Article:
Modern times have been shaken profoundly by case after case of sexual abuse done by Catholic priests. The Vatican has finally taken a role in dealing with and controlling this as an ongoing problem.
Many people come up with different ideas of how to ‘solve’ the problem. The biggest one being to allow priests to marry. As shown in the last article on pedophiles, marriage does nothing to cure pedophiles. They are usually men (some women) who suffer from a deep seated obsessive-complusive disorder. Many pedophiles have been married and were married when they committed their crimes.
Another article I posted recently was one about people who should not marry for various reasons. In some interviews I have read men say (marriage is) ‘ too much trouble, they don’t want to bother with it and they like the simple life.’ There are many reasons a man chooses to become a priest and those reasons are probably as individual as the man. However; while we as a population cringe and worry about harm done by priests, what is the potential harm done to them?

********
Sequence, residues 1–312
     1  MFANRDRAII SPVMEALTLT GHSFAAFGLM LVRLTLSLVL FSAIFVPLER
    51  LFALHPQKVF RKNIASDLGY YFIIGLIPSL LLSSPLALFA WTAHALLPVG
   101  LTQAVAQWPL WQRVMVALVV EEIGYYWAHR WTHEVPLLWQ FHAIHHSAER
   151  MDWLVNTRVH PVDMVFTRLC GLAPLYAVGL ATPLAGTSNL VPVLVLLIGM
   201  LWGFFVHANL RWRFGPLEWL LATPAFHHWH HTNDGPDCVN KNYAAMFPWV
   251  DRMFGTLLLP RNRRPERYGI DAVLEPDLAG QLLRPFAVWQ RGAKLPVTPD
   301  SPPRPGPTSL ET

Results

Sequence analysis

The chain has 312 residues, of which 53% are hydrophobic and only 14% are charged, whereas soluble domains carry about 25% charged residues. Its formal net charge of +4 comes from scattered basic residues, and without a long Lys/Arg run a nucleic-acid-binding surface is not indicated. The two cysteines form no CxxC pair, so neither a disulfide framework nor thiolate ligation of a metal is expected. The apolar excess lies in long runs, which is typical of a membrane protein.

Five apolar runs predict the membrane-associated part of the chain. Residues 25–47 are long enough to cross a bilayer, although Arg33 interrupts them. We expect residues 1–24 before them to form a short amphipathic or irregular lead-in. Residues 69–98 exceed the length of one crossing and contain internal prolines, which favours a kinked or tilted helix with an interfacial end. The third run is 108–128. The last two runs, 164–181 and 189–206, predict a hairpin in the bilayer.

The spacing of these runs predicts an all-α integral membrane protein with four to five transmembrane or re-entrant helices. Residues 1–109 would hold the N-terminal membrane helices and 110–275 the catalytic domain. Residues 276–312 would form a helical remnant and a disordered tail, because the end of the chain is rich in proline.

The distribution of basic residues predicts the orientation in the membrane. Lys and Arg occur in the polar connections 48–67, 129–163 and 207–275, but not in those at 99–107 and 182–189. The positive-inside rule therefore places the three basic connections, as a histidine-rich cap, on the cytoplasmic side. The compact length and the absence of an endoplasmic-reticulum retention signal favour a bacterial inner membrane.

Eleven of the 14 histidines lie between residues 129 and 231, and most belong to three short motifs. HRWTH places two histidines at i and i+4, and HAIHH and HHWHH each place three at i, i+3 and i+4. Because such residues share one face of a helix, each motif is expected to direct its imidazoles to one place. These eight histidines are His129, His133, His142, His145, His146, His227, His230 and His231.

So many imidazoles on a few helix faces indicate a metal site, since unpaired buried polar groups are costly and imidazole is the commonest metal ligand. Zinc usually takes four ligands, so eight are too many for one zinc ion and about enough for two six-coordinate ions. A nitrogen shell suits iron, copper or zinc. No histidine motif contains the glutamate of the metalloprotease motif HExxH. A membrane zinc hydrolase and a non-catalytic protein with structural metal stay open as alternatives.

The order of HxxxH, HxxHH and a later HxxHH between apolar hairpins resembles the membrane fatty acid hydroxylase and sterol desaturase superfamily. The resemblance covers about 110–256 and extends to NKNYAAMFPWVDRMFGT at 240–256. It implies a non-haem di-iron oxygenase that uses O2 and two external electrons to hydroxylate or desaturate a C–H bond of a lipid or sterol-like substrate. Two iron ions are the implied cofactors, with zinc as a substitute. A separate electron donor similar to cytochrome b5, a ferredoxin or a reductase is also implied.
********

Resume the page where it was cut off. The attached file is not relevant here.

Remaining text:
The vows of celibacy allow the priest to have ‘relationships’ with a variety of women without there being a sexual component. He is not (as many single men must do) apologizing to the lady for not taking her telephone number and/or not giving her a call. Since the priest (at this point) can’t marry; that commitment to the church protects them (to an extent) from being continually chased and hounded by marriage minded individuals of both sexes. It keeps the confessional from turning into an endless array of love-sick romantic quests. It allows the priest to do his job, which is to focus on the congregation and the greater good. As the following article shows, there are people currently who ‘hunt’ priests because they see them as ‘safe’. Well, they are often not only safe, but good looking, well educated, intelligent, and religious. What single women is not looking for that combination?